Here's a fairly efficient Python (2.5) and well-documented implementation of the Rabin-Miller primality test, based on section 33.8 in CLR's *Introduction to Algorithms*. Due to Python's built-in arbitrary precision arithmetic, this works for numbers of any size.

```
from random import randint
def _bits_of_n(n):
""" Return the list of the bits in the binary
representation of n, from LSB to MSB
"""
bits = []
while n:
bits.append(n % 2)
n /= 2
return bits
def _MR_composite_witness(a, n):
""" Witness functions for the Miller-Rabin
test. If 'a' can be used to prove that
'n' is composite, return True. If False
is returned, there's high (though < 1)
probability that 'n' is prime.
"""
rem = 1
# Computes a^(n-1) mod n, using modular
# exponentation by repeative squaring.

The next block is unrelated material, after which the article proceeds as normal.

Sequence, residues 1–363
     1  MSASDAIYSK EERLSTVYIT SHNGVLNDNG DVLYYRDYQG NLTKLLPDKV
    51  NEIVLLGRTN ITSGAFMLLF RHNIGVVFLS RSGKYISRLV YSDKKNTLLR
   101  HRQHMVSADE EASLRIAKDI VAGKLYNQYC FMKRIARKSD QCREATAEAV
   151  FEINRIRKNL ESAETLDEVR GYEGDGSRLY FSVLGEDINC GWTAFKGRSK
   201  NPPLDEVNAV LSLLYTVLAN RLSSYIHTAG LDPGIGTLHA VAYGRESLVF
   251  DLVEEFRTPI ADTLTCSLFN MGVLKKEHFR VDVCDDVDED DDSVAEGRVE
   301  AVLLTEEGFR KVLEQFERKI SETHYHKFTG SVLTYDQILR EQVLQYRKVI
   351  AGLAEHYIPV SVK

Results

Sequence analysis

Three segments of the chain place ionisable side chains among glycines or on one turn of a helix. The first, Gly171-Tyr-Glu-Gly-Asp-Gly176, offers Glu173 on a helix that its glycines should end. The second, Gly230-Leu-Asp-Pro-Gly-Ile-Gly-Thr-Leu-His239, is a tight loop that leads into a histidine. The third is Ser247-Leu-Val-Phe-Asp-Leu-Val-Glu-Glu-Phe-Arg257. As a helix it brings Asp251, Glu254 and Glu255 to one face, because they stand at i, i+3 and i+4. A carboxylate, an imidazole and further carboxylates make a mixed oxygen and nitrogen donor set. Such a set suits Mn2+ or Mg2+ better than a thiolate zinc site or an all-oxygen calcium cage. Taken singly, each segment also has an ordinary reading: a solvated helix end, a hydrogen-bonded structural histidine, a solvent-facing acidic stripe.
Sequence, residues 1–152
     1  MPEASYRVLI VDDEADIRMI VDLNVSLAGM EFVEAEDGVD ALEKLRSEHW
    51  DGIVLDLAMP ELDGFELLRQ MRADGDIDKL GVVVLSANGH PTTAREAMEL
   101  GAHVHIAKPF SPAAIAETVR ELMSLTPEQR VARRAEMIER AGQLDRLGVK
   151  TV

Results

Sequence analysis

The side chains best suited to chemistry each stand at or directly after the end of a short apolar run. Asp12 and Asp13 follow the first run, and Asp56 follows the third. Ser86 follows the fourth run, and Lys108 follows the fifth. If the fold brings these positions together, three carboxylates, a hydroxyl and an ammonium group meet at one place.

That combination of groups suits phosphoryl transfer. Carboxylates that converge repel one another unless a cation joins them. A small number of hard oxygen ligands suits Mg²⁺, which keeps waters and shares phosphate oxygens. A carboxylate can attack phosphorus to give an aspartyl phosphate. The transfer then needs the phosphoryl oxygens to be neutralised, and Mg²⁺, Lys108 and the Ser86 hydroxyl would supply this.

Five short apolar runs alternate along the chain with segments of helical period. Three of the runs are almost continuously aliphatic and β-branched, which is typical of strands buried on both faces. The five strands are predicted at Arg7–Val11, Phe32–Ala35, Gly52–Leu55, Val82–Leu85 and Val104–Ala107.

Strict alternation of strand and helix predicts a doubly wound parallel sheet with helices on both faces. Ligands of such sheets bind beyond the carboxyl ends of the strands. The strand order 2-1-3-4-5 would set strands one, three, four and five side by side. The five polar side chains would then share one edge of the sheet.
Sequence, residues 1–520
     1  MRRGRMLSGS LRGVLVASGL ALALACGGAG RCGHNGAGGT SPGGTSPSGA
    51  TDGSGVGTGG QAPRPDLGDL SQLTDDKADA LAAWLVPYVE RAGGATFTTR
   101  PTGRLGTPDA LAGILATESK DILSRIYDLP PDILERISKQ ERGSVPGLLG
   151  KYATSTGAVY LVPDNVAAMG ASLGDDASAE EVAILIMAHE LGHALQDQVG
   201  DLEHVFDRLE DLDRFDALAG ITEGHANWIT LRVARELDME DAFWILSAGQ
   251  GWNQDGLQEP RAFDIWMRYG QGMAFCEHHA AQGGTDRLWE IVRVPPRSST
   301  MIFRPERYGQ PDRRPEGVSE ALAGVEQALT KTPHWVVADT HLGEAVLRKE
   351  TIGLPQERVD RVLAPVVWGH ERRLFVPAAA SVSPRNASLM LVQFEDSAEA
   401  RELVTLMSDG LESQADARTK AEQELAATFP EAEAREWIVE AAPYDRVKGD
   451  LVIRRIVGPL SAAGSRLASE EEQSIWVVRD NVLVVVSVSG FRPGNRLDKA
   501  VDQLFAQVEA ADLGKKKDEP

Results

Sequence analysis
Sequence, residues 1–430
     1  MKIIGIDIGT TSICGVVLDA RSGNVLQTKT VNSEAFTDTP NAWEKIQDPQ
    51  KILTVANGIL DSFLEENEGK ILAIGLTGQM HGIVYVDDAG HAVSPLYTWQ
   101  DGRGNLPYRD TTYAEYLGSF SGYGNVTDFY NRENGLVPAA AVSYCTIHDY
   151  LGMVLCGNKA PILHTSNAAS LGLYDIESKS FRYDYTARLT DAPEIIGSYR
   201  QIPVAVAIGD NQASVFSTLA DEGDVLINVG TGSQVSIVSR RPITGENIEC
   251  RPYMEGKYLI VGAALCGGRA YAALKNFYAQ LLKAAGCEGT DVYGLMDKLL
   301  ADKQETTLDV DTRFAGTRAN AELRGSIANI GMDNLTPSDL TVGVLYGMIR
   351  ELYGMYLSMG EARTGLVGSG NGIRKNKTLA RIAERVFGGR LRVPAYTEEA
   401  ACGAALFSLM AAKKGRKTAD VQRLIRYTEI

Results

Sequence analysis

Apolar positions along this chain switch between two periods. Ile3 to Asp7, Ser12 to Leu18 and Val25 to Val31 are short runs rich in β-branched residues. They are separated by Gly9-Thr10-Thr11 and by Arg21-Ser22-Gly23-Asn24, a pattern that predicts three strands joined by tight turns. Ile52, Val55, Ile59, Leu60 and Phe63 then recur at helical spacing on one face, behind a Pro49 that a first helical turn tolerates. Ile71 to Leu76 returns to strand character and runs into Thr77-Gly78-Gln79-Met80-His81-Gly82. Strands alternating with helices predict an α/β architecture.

#
for b in reversed(_bits_of_n(n - 1)):
x = rem
rem = (rem * rem) % n
if rem == 1 and x != 1 and x != n - 1:
return True
if b == 1:
rem = (rem * a) % n
if rem != 1:
return True
return False
def isprime_MR(n, trials=6):
""" Determine whether n is prime using the
probabilistic Miller-Rabin test. Follows
the procedure described in section 33.8
in CLR's Introduction to Algorithms
trials:
The amount of trials of the test.
A larger amount of trials increases
the chances of a correct answer.
6 is safe enough for all practical
purposes.
"""
if n < 2:
return False
for ntrial in xrange(trials):
if _MR_composite_witness(randint(1, n - 1), n):
return False
return True
```

The function you should call is `isprime_MR`.

Although this test is probabilistic, the chances of it erring are extremely low. According to Bruce Schneier in "Applied Cryptography", the chances of error for a 256-bit number with 6 trials are less than one in - this is *very low*.

Therefore, you should always use this method instead of the naive one (trying do divide by all primes up to ), because it's much faster.

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